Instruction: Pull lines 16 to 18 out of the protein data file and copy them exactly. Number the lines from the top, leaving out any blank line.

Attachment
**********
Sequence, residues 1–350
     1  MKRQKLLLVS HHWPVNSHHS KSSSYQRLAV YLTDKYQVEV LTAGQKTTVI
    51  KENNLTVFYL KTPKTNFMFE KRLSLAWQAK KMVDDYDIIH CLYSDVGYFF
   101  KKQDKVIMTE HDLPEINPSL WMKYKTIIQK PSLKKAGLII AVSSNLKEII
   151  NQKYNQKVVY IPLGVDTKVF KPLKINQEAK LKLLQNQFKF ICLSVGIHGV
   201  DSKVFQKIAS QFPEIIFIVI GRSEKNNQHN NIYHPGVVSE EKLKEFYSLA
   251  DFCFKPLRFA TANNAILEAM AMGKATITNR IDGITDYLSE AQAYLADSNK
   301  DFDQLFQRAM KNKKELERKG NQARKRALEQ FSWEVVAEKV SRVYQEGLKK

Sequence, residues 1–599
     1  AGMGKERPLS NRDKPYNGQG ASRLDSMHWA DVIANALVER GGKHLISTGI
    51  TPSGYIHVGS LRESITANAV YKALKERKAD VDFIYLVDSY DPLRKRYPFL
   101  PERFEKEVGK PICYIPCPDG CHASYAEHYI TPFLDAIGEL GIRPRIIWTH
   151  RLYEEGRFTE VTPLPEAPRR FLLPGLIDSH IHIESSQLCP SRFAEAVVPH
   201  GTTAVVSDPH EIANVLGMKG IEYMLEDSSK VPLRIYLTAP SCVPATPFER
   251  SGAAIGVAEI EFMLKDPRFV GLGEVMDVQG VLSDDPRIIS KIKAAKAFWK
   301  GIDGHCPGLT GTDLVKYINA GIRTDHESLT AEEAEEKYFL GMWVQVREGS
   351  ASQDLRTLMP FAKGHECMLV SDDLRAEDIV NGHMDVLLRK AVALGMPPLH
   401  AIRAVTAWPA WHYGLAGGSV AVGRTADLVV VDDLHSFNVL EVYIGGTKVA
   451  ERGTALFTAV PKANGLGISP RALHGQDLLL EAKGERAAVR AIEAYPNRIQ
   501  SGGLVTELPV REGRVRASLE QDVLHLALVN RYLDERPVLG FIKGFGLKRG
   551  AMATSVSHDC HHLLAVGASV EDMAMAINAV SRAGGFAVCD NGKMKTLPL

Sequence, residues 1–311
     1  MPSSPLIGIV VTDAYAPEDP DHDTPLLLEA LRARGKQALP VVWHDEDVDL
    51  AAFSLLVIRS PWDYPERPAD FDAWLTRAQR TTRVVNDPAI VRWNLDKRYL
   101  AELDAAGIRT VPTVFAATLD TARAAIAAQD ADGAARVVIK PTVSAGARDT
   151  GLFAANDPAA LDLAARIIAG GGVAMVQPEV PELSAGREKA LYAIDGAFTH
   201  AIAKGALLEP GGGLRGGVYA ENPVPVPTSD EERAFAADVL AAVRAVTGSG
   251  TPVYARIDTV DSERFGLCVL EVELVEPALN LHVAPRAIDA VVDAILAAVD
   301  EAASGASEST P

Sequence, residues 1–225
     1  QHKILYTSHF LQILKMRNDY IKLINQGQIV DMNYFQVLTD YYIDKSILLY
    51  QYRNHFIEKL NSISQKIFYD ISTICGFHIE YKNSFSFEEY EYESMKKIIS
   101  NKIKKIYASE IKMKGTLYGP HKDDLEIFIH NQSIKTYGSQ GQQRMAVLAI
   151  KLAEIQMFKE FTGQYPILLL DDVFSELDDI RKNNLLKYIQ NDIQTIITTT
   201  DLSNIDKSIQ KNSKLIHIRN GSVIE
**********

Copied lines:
   301  GIDGHCPGLT GTDLVKYINA GIRTDHESLT AEEAEEKYFL GMWVQVREGS
   351  ASQDLRTLMP FAKGHECMLV SDDLRAEDIV NGHMDVLLRK AVALGMPPLH
   401  AIRAVTAWPA WHYGLAGGSV AVGRTADLVV VDDLHSFNVL EVYIGGTKVA